Boffins in charge of cataloging the Staffordshire Hoard treasure trove made a timely discovery – this heart-shaped piece of gold.
The intricately -carved filigree – which measures just 3 cm (1 in) wide – depicts two eagle-like birds touching their beaks together in a romantic kiss.
There is also a space in between the two figures which fittingly forms a heart.
The piece, which lay undiscovered in a farmer’s field for over 1,300 years, is part of the Staffordshire Hoard – the largest collection of Anglo-Saxon gold ever uncovered.
It was unveiled for the first time yesterday – just in time for Valentines Day.
Conservators painstakingly removed a thick layer of mud and debris from the ancient relic to reveal the ornate pattern underneath.
It is one of hundred of Dark Ages artefacts being displayed in the largest-ever Staffordshire Hoard exhibition at The Potteries Museum and Art Gallery, Stoke-on-Trent, Staffs.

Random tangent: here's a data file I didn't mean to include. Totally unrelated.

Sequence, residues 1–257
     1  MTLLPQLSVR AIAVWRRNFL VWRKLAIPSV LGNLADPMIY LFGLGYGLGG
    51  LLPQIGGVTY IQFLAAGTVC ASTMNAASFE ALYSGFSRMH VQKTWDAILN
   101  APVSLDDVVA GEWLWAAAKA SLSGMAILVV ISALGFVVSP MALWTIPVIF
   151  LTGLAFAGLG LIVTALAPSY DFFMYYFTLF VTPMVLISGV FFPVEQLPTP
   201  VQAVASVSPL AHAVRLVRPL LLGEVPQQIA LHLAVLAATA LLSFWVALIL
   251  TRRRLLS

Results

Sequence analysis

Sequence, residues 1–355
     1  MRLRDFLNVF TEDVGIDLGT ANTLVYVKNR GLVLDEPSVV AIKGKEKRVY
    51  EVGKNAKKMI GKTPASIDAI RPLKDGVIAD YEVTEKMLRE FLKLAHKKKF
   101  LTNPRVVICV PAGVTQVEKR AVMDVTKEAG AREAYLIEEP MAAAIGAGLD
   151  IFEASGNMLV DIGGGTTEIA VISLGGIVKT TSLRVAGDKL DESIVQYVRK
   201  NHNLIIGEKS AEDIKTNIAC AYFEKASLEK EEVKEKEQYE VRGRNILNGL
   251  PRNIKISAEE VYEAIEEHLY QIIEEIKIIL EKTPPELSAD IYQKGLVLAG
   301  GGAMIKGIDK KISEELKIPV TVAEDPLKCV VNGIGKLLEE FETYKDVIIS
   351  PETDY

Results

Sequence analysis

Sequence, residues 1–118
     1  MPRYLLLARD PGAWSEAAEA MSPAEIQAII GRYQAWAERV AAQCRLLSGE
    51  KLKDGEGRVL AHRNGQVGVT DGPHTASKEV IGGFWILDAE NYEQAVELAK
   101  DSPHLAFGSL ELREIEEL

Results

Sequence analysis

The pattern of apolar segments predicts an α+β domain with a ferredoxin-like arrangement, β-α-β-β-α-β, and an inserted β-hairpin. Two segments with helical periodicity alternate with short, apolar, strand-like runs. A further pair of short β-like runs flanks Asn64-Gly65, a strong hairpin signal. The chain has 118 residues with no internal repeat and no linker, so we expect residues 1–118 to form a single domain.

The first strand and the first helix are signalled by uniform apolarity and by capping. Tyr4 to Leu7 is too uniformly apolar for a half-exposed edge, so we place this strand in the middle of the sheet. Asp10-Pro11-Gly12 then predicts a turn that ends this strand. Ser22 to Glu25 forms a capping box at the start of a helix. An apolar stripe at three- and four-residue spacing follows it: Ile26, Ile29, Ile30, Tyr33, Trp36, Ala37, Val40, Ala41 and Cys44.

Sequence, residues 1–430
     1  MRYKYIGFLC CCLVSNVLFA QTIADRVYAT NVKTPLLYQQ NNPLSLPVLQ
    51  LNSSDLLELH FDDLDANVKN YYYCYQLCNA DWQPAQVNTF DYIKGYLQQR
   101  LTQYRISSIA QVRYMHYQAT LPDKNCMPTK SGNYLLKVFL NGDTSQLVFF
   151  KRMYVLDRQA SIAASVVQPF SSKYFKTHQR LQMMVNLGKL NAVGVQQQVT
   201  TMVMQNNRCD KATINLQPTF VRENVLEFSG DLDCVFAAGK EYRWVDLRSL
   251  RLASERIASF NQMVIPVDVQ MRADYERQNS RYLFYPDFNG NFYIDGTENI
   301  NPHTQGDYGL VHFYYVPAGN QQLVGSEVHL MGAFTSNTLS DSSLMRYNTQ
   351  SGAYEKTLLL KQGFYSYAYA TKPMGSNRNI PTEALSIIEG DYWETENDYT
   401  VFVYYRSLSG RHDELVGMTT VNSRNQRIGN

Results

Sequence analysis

Museum worker Devina Visram, 25, was one of the first to see the newly-recovered piece.
She said: “It is a wonderful coincidence that this item has been discovered just in time for Valentine’s Day.
“I’ve already fallen in love with it.”
Stoke councillor Mark Meredith added: “Conservators from Birmingham Museum and Art Gallery, working in our museum labs have been using thorns and sponges to delicately remove earth that had been engrained in this exquisite item, and many more like it, for more than 1,300 years.
“And the detail of the design and craftsmanship in the artefacts they have unveiled is breathtaking.
“We do not yet know what this artefact is, why it was created or what it is a part of.
“That is part of the mystery and enduring appeal of the Staffordshire Hoard, and finding answers to these questions is a journey of discovery that will shed light on the darkest period of our country’s history.”